Robert Aldrich's genre pictures can seem uniquely out-of-step with prevailing historical trends, the earlier ones being somewhat after-the-fact and self-aware with regard to genres' golden ages, and the later efforts not quite so fully embracing the abandon of all-out revisionism. As crime pictures are considered within this spectrum, on one end, you have Aldrich’s fifth film, Kiss Me Deadly, the greatest pre-1960 film noir whose willfully bizarre character virtually places it in a category of its own; and on the other end is Hustle , Aldrich’s fifth-to-last film, a 70s police procedural steeped in the era’s vogue moral, social, and political ambiguity that has a 1940s heart.
The setup is almost SoCal Twin Peaks: the body of a middle-class white girl washes up on the beach—in a wonderful Aldrich touch, she's discovered by a group of school kids whom we see singing on the bus during the opening credits—and Detective Lt. Phil Gaines (Burt Reynolds, who developed the project with Aldrich during The Longest Yard) and his partner, Sgt. Louis Belgrave (Paul Winfield) are assigned to the case. The coroner rules it a suicide due to her toxicity levels, but the father (Ben Johnson), a Korean War vet afflicted with PTSD, refuses to accept the verdict, supported by hot-headed Belgrade, who’s eager to continue the investigation. And yet amid the clichéd detective yarn, the film is ultimately poised as a love story between Gaines and Nicole Britton (Catherine Deneuve), an elite escort with whom he shares a domestic partnership. Hustle has a strange ebb-and-flow in which the primary narrative moves in fits and spurts; it’s not always clear whether this is intentional, but the effect is entrancing.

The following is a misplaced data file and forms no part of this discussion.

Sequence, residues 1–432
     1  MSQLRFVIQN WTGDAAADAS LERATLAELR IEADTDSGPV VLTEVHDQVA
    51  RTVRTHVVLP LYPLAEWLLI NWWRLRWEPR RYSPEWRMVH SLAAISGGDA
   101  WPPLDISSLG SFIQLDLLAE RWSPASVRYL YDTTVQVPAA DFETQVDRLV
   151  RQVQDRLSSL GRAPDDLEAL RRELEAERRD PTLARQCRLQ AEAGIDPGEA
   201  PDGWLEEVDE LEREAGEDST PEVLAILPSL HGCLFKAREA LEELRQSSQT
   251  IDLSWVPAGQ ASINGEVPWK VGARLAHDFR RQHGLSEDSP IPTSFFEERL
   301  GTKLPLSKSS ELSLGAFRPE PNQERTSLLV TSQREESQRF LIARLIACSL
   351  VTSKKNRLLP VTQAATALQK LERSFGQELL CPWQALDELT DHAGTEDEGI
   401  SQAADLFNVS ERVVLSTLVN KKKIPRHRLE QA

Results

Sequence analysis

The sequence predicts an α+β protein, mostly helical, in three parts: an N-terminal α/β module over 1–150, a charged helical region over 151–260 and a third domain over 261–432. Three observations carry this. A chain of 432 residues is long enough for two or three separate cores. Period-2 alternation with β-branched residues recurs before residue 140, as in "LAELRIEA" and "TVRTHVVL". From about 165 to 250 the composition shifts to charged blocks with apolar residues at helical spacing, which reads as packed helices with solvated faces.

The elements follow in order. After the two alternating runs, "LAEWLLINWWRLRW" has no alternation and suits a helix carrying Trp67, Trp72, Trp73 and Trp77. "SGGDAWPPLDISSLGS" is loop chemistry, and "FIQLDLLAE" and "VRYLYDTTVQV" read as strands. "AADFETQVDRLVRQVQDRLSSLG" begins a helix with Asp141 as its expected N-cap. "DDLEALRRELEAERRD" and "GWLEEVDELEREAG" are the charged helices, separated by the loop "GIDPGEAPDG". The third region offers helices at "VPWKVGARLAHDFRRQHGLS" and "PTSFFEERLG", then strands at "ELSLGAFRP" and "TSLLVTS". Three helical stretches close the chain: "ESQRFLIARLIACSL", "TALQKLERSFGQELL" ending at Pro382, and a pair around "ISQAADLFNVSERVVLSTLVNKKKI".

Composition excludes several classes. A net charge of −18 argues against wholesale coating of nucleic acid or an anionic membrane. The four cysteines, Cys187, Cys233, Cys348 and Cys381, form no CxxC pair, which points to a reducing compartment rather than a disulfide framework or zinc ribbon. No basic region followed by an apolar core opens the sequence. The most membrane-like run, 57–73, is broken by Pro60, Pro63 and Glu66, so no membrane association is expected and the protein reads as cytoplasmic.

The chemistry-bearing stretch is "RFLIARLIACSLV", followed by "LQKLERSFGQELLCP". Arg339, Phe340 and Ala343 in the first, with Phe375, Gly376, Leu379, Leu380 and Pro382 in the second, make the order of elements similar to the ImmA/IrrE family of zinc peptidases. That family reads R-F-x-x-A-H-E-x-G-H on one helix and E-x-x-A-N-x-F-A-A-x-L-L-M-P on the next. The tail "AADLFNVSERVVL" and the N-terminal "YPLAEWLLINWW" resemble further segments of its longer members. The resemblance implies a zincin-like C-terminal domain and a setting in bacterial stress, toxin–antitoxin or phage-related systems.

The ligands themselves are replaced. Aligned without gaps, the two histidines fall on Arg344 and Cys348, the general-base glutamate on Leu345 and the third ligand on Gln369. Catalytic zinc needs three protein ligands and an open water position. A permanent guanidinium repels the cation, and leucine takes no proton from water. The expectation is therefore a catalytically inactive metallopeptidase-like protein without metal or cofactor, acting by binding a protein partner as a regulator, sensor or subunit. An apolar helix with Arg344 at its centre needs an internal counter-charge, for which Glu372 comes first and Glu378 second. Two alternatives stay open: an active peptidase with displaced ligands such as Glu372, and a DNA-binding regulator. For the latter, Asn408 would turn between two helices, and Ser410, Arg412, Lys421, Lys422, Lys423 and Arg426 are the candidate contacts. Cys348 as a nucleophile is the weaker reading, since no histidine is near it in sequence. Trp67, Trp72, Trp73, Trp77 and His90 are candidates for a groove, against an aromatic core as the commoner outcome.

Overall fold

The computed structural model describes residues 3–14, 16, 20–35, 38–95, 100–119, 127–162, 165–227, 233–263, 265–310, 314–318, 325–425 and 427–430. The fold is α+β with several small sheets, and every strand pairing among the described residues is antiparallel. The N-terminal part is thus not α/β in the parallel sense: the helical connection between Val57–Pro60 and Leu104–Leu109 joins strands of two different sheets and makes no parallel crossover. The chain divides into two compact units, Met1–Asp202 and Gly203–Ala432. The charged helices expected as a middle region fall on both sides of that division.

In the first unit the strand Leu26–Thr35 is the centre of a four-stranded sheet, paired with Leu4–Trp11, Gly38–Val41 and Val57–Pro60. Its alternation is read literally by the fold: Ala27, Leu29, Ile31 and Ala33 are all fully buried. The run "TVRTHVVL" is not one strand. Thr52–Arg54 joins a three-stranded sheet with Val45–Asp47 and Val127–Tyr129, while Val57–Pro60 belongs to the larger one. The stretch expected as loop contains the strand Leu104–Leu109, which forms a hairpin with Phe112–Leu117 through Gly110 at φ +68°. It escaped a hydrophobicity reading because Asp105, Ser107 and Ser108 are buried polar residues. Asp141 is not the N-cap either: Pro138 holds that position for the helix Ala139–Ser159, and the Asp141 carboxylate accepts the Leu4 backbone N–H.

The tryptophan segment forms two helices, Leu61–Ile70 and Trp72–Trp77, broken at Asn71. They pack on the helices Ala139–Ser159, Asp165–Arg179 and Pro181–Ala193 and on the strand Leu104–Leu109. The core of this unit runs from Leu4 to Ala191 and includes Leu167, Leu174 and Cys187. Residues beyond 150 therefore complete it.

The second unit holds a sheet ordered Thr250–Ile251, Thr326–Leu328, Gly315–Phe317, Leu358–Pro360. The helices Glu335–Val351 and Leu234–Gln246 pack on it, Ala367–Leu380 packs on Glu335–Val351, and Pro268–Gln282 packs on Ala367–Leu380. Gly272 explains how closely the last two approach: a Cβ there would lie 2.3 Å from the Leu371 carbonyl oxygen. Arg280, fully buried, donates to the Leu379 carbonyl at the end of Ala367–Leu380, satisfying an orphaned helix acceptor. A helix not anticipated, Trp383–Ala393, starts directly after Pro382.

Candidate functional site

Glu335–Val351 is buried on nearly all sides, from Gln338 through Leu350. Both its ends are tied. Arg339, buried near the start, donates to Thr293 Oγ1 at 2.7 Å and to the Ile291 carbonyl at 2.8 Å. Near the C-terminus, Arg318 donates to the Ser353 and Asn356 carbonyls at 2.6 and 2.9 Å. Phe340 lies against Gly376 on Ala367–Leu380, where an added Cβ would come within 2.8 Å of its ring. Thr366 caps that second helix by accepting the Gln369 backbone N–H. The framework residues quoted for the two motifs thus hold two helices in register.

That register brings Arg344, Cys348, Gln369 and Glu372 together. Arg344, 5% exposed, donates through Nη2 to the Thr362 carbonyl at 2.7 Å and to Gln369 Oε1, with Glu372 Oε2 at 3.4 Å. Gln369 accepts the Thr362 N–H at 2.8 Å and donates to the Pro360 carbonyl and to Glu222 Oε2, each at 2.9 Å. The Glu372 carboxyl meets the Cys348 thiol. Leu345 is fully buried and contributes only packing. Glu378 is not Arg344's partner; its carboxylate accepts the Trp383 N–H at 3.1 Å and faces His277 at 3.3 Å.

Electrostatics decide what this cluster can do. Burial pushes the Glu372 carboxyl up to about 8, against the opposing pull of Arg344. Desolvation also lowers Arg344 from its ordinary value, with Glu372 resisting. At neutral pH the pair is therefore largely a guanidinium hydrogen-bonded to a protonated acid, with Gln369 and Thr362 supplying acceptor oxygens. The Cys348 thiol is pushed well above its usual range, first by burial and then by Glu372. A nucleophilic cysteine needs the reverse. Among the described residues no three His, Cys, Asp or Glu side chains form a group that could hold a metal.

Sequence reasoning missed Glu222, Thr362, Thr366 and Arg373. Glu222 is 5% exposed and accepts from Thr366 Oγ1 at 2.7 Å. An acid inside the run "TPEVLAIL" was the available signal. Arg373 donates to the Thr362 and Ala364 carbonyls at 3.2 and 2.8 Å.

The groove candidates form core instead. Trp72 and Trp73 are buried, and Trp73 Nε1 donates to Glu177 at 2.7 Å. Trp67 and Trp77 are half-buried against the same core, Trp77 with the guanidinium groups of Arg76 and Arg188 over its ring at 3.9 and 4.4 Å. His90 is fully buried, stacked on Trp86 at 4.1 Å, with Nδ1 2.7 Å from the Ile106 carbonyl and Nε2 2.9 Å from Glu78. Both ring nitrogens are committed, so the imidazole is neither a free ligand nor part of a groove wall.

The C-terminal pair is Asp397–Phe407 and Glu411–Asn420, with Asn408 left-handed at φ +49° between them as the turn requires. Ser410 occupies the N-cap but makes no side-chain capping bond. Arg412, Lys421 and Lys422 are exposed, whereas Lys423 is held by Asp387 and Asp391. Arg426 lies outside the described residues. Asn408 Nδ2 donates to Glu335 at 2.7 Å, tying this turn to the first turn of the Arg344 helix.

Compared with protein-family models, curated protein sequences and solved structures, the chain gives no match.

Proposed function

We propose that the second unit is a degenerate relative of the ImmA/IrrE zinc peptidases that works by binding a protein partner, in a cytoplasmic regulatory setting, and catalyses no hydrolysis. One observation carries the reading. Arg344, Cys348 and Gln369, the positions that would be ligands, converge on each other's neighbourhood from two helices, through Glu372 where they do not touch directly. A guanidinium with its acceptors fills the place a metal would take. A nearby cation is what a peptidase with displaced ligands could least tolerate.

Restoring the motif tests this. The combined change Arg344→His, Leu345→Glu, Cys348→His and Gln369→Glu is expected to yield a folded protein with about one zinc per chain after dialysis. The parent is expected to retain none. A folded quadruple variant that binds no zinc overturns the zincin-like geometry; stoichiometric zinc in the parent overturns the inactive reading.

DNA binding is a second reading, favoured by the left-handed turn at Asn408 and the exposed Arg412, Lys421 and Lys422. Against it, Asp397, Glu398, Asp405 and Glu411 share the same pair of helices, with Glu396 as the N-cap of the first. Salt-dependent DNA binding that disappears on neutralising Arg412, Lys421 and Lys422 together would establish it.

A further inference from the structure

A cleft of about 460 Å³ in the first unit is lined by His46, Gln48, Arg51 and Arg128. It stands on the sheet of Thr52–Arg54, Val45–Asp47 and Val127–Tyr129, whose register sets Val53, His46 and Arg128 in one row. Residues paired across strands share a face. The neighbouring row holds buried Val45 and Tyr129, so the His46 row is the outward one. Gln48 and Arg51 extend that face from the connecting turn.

Screenwriter Steve Shagan is no A.I. Bezzerides, and the dialog is pockmarked with 70s cop movie moral and social platitudes. (“Can't you smell the bananas? You know what country you live in? You live in Guatemala with color television!”) Aldrich’s changes to the script are responsible for its most compelling aspect: the frank and non-judgmental, if strained partnership between Gaines and Britton. Predictably, Hustle ultimately engages matters of vigilante justice, and the final, question is, for better or worse, not so much about taking the law into citizens’ hands, but whether the system is designed to turn a blind eye to the 1% while crushing anyone who questions that morality. Politically, it’s a hard film to pin down, but one of the more fascinating, rarely screened 70s cop yarns—the perfect film to catch during the kind of career-spanning retrospective going on at Metrograph right now.